Ask the Director: Simon Gustafsson
I love to build worlds and atmospheres, creating moods that you could almost touch and smell through the screen.
How did you find your visual language? And how would you describe your style?
I feel like it’s almost becoming a cliche, but like many other directors I was introduced to filmmaking while making skatefilms with my friends. Even though I don’t make skatefilms anymore I still feel like it has highly affected my style and my approach to the craft itself. Maybe not as much in a visual way as in having some sort of social realistic approach to filmmaking in general.
Maybe you could call it some sort of poetic realism. I really like to find the beauty in the small things. To portray and craft everyday occurrences with an elevated and poetic approach. I love to build worlds and atmospheres, creating moods that you could almost touch and smell through the screen.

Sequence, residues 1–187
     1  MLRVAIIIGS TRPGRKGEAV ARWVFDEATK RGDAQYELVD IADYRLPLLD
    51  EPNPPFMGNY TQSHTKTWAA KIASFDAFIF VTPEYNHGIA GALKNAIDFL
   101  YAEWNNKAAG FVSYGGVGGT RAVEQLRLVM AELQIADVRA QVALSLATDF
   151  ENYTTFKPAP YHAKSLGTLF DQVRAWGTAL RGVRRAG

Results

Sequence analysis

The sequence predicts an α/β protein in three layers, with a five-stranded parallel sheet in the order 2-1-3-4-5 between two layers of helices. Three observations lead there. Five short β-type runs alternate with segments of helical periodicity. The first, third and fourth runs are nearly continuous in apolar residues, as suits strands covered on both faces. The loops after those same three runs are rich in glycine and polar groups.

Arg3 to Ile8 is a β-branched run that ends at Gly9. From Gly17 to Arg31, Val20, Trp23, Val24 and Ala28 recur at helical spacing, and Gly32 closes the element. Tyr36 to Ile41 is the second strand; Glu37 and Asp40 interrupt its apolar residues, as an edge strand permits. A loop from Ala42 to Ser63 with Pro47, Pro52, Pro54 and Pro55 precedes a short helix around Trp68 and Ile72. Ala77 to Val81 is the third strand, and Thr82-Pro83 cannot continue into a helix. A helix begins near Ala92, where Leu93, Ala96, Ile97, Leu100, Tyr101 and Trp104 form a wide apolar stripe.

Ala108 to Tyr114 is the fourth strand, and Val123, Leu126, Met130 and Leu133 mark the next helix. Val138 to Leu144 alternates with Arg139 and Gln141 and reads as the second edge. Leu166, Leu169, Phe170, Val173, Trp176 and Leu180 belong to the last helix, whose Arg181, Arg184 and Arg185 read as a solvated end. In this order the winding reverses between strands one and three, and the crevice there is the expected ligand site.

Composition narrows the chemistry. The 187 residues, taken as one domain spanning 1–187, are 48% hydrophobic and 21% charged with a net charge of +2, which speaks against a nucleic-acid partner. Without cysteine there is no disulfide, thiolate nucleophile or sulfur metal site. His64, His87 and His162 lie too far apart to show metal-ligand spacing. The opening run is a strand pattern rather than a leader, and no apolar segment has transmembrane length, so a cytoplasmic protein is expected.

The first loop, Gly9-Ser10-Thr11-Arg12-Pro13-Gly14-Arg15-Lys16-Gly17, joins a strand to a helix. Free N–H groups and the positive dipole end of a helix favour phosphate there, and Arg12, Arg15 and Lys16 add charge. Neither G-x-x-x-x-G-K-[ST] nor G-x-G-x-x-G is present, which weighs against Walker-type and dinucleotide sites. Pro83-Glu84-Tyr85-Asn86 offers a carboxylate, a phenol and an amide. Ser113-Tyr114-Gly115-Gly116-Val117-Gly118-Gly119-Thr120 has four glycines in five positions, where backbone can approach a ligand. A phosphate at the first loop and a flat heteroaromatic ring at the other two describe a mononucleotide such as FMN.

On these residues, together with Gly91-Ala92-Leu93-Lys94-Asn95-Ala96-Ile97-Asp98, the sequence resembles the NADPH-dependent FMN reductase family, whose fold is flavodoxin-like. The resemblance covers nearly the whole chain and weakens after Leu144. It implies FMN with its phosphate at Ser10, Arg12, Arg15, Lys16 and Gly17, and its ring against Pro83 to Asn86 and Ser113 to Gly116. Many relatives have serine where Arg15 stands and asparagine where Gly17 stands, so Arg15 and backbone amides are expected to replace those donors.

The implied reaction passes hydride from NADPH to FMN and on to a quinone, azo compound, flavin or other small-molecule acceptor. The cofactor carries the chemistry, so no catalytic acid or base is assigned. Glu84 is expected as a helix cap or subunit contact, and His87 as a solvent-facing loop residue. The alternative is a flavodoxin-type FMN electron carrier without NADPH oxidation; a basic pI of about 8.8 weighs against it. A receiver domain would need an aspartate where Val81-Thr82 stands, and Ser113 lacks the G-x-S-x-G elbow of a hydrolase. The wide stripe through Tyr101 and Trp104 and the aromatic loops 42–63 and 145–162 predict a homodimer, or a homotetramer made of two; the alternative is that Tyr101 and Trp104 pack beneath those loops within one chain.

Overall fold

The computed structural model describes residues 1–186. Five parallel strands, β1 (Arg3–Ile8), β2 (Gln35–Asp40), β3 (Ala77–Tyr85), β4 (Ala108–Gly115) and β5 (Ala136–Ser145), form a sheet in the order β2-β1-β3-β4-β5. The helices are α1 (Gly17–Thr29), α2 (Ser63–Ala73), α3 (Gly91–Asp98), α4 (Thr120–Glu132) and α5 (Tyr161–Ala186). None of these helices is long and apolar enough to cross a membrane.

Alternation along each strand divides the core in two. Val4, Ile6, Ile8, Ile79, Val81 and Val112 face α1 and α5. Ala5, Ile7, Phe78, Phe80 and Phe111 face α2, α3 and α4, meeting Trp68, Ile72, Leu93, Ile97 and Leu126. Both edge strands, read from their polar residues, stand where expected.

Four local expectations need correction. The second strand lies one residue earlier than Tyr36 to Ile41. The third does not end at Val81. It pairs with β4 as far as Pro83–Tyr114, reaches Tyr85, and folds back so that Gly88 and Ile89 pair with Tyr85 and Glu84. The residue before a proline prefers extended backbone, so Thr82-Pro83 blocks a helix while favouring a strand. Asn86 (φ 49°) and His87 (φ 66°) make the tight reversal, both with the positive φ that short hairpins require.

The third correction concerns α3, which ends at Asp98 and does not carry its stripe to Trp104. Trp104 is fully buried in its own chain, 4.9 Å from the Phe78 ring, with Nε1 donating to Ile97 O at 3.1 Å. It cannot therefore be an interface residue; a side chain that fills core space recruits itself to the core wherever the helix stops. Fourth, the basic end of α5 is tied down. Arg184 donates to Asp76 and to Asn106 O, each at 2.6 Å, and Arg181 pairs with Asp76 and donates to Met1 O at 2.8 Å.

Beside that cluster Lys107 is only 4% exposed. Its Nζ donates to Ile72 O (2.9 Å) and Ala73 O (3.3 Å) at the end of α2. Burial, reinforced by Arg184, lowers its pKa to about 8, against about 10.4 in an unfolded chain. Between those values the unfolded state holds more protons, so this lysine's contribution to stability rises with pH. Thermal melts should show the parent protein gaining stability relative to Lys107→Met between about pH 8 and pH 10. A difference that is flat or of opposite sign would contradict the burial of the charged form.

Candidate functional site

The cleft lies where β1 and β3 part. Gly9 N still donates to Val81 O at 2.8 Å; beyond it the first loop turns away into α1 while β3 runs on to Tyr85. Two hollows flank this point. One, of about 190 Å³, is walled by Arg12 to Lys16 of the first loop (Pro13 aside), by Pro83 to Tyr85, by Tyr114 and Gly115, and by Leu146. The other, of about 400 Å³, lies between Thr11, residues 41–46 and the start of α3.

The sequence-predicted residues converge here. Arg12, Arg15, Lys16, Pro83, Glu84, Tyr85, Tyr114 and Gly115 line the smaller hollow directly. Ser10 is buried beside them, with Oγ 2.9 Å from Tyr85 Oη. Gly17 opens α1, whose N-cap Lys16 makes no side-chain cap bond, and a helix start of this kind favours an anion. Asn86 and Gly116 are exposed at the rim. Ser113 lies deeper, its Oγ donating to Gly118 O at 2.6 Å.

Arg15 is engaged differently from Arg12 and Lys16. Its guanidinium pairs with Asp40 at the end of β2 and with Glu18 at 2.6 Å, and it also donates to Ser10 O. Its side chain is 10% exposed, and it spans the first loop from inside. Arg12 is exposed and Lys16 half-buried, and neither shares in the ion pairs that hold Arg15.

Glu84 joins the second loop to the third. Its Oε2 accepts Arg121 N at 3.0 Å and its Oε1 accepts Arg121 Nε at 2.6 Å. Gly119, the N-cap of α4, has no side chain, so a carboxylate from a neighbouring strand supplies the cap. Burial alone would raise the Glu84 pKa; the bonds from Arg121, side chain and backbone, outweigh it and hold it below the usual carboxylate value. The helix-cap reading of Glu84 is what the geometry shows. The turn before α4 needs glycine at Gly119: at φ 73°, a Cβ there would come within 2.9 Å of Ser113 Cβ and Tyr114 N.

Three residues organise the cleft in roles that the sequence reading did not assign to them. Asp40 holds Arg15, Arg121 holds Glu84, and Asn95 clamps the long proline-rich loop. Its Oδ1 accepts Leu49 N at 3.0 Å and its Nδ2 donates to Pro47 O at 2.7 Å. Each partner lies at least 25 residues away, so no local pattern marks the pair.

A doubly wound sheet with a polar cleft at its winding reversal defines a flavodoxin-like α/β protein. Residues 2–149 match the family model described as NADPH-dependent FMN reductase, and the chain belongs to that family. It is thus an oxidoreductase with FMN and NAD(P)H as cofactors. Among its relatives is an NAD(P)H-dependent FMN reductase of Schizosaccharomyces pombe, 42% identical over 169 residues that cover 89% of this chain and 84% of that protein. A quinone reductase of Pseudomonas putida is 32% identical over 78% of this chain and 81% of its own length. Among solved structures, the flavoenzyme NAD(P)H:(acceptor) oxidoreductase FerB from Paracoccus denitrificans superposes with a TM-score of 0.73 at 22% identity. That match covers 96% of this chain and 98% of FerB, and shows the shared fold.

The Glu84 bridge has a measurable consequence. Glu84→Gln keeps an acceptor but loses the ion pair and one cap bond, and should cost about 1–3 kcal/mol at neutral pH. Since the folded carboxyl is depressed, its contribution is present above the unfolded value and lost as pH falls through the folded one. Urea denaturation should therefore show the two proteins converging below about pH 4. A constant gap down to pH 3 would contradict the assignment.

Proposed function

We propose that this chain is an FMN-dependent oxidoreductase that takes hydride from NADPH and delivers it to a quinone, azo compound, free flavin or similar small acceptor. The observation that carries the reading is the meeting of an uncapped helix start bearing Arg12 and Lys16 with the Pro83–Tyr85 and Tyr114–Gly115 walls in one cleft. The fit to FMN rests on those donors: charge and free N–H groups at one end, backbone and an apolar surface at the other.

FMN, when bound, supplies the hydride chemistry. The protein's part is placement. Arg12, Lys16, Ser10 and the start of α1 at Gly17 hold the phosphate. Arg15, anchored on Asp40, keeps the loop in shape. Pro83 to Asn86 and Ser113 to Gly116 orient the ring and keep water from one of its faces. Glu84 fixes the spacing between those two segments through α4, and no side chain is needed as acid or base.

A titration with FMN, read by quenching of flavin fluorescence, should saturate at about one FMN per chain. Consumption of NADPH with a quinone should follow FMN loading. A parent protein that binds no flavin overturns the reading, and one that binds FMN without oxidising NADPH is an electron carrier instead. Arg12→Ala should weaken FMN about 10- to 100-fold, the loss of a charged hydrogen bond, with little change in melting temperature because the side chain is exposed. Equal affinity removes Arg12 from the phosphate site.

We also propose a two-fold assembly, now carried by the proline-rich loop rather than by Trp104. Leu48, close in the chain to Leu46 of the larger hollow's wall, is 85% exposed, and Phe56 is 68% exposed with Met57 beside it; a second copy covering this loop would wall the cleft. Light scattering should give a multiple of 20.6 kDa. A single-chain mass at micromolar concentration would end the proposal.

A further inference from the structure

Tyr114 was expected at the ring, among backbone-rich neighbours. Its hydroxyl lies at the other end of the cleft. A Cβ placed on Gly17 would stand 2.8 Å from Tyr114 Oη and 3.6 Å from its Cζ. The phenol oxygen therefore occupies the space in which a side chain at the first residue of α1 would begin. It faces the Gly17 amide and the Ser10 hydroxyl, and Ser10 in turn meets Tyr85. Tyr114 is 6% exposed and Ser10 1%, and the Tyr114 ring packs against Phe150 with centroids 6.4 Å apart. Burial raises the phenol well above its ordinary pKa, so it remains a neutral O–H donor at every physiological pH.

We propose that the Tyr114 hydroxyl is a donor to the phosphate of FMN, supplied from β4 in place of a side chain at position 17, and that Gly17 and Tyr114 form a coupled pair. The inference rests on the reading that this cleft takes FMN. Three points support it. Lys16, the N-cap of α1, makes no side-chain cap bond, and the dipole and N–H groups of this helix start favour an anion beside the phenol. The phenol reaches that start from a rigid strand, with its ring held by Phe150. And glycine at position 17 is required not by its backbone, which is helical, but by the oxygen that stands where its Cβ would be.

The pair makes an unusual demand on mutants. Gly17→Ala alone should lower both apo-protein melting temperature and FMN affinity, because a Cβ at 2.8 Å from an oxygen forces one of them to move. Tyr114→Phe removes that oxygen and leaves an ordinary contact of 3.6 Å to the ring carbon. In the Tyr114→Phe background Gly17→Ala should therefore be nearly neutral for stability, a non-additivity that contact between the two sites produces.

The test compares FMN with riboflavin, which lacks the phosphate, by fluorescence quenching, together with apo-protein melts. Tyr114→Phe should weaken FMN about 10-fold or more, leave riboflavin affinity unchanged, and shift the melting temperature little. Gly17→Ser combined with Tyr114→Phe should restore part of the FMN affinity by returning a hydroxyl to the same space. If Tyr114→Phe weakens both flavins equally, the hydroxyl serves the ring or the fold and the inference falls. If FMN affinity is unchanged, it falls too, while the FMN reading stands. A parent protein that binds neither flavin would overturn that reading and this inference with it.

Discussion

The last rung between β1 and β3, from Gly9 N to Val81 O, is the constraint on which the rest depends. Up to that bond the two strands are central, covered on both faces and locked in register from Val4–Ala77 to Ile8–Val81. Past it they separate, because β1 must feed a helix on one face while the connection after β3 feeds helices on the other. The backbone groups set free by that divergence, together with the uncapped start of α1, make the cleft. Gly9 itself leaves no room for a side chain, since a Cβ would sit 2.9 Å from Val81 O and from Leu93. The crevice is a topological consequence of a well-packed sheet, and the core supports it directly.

I feel like my style is always evolving though. There’s always new things to explore, so if you would ask me five years from now, I would probably say something different.
Where do you get your inspirations from?
It could be anything. Depending on the project I would always explore different sources of inspiration. It could be anything from old baroque paintings to old french noir cinema to tik tok videos. I have no one stop destination.
I’ll always try to mix my inspirations, where I try to find contrasts and avoid the obvious.